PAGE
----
The one time I had a frightening hallucination was a bit different. I woke up in the middle of the night and couldn't move, but I heard a jangling noise and had the impression that it was a ghost. Then my entire body was overwhelmed with an intense buzzing, vibrating feeling, like air was boiling inside me (on some website about s.p. this was described as "visceral buzzing", which is appropriate enough I suppose), and I thought this was the ghost possessing me or something, but this didn't last long before I came out of it. The memory of this is a little hazy because it happened in between periods of sleep.

I've had a few other episodes with/without hallucinations, but the other hallucinations weren't as frightening as that one.

- How often do you experience EDS? Every day, or does it depend on your stress levels/your sleep schedule, etc?

Dad had trouble with it every day, but it varied in severity.

- If you experienced hallucinations going in or coming out of sleep, how long did they last? Have you ever hallucinated while awake and moving around?

(Again, not narcoleptic, but have experienced falling asleep/waking up/sleep paralysis-type hallucinations)

No hallucinating while awake. The times I've hallucinated have typically been either going into sleep or in the middle of the night, so it's hard to tell where the hallucination stops and the dreaming begins. I probably would have thought that whole ghost possession thing was a dream if it hadn't frightened me so much that it woke me up a little. So...length of hallucinations, I don't know. A few minutes? It's pretty hard to reckon time when you're hallucinating. You don't generally have a clear idea of what's going on.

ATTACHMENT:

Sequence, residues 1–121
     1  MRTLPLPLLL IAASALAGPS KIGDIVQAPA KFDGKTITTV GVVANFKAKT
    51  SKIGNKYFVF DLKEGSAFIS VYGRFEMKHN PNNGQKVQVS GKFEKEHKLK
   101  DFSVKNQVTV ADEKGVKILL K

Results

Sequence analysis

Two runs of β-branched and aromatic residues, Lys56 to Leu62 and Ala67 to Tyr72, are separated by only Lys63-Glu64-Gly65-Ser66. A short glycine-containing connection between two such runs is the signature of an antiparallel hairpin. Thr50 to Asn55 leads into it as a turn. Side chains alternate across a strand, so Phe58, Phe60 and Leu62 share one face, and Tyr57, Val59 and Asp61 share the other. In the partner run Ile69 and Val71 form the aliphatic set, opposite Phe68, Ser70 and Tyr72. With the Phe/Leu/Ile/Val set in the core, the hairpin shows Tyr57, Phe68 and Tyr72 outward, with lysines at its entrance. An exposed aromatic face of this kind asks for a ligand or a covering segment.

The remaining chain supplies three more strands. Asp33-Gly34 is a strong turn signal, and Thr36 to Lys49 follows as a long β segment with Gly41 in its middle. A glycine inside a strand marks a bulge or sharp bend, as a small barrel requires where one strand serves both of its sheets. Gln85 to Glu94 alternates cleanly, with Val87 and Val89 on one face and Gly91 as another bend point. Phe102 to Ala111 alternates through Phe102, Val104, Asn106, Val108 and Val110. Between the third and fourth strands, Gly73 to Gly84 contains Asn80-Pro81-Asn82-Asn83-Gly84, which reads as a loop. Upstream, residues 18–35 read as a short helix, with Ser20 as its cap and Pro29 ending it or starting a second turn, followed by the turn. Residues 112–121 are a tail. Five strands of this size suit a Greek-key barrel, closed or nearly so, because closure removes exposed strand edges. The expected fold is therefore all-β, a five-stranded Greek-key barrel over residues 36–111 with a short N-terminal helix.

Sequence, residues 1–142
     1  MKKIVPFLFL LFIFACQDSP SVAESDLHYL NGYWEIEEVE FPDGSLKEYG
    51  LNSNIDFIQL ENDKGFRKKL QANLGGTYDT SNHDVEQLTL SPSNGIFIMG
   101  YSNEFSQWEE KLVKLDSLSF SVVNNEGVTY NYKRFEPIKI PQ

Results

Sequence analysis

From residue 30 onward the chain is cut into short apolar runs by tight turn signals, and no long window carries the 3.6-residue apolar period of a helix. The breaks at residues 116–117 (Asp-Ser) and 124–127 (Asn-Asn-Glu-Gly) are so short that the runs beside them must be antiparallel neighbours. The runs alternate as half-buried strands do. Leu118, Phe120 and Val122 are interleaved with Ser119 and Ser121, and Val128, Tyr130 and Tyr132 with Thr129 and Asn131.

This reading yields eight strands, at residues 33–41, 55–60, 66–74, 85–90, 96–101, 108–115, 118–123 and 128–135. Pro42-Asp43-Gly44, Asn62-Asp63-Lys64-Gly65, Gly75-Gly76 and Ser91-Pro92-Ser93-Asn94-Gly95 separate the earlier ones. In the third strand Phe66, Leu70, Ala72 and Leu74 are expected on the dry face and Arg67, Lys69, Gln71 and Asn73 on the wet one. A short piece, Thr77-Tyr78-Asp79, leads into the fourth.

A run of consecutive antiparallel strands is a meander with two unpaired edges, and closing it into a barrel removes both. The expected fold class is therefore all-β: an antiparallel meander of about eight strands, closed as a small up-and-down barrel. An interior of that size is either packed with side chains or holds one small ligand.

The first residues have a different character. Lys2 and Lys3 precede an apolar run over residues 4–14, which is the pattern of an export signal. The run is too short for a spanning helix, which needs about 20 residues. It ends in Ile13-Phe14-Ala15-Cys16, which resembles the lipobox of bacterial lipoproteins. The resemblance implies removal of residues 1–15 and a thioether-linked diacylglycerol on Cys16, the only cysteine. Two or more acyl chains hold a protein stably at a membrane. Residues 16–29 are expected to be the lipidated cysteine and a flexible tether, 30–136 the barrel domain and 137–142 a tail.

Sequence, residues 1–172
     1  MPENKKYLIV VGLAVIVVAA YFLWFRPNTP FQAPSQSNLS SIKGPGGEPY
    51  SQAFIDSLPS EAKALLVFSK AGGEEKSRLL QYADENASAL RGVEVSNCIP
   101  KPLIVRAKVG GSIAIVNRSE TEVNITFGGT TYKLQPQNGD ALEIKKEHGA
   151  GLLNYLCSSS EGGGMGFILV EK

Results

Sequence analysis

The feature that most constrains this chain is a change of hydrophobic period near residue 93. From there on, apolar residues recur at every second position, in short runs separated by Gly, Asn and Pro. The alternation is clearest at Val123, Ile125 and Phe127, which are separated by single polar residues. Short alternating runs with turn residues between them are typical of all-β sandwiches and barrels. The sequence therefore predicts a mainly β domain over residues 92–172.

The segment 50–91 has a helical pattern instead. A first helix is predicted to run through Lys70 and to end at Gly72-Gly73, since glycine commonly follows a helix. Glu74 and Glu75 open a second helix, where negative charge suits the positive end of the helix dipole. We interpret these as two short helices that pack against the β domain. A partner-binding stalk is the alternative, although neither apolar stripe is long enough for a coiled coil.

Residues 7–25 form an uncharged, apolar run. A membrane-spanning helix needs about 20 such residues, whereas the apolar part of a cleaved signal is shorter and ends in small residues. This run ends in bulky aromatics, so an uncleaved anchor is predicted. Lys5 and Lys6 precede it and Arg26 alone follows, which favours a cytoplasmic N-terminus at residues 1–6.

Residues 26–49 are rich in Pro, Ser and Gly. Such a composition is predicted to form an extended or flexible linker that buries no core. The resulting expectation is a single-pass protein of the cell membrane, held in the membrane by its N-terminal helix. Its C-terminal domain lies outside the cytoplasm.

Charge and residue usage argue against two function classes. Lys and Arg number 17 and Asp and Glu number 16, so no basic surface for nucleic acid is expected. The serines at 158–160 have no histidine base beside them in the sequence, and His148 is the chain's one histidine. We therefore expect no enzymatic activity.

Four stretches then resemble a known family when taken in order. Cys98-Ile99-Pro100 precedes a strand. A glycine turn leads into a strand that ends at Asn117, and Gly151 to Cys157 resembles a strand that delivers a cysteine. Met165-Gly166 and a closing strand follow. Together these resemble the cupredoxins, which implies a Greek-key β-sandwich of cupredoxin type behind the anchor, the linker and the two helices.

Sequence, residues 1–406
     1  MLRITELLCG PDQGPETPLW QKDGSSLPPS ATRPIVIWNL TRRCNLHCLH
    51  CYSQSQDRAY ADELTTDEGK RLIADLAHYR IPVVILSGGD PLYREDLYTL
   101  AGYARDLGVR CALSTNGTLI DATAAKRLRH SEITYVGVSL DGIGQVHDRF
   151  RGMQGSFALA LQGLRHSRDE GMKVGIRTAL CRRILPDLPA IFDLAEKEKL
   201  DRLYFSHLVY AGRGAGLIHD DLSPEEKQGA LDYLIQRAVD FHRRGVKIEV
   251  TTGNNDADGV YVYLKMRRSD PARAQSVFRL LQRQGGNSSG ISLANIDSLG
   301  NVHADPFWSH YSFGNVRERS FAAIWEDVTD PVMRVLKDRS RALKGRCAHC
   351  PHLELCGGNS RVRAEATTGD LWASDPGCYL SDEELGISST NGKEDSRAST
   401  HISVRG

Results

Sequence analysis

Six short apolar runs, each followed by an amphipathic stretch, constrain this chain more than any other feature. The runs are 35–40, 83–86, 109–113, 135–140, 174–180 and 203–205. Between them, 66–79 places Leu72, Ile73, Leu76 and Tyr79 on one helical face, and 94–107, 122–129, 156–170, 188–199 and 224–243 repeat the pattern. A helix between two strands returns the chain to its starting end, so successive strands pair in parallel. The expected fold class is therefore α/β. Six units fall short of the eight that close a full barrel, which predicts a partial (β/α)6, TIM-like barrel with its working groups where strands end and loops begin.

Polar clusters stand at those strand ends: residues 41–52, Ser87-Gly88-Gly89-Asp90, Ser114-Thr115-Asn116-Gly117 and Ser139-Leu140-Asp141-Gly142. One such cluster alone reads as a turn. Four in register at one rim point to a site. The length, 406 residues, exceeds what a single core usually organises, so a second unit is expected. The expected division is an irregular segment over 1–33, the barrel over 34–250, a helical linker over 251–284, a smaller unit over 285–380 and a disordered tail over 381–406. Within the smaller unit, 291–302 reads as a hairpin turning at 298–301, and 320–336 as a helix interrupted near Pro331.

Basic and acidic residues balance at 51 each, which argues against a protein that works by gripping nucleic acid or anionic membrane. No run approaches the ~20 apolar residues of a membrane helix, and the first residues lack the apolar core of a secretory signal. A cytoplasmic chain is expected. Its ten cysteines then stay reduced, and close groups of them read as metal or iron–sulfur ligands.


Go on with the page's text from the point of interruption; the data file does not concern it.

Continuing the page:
- If you were originally misdiagnosed before you realized you had narcolepsy, what other diagnoses did doctors suggest you might have? Did a doctor ever suggest you suffered from anything really off-base/out there?

Dad was diagnosed with sleep apnea before he did some sleep studies and they couldn't find any evidence of it. But this made more sense than the narcolepsy, since he was overweight, had a history of breathing issues, and didn't have cataplexy (don't know if he experienced sleep paralysis; he never said anything about it).



- Were you able to find a medication that worked for you, and if so, how long did it take? Were there any particular meds that gave you really bad side effects/what were those effects?

Dad took Nuvigil, and it seemed to help a little, but it didn't get rid of the issue entirely. Then again, like I said, he didn't have the standard EDS symptoms...

Tsu Dho Nimh
11-18-2011, 06:00 AM
If it helps, I had a college friend (1960s) with narcolepsy .. the notable symptom was that he could fall asleep any time, any where ... as soon as he relaxed. He didn't mention any hallucinations, he just dozed off and was relatuively easy to awaken.

He was treated with amphetamines (pre- war on drugs, it didn't even raise eyebrows) with limited success. His instructors knew, and would just have someone nudge him awake if he dozed in class.

jennontheisland
11-18-2011, 06:02 AM
Have you seen "My Own Private Idaho"? MC has narcolepsy.

backslashbaby
11-18-2011, 08:36 AM
I had to be tested for it, but that wasn't what I had (I had a nerve disease). My 'spells' were just really sleepy spells. All of a sudden, I'd get really sleepy. Later I would feel totally awake.

They checked my HLA blood type, I think it's called, because some are more common in narcoleptics. They made me stay up all night, then tested my brain for 10 minutes after I fell asleep. And they did more electrical studies that day with flashing lights, etc, to see if it weren't some form of epilepsy that I had.

So it definitely wasn't narcolepsy (and the spells stopped, btw), but they were seriously thinking it probably was. The nerve disease diagnosis came after progressive neurological and other symptoms appeared later over a year or so.

The sleepy spells were never listed as a symptom of that disease, but neither were over half of my symptoms until the last 5-8 years or so as more research is done on that one. I wouldn't tie them together in fiction, though. Maybe the epilepsy possibility helps. They said there were less common forms than what you typically think of.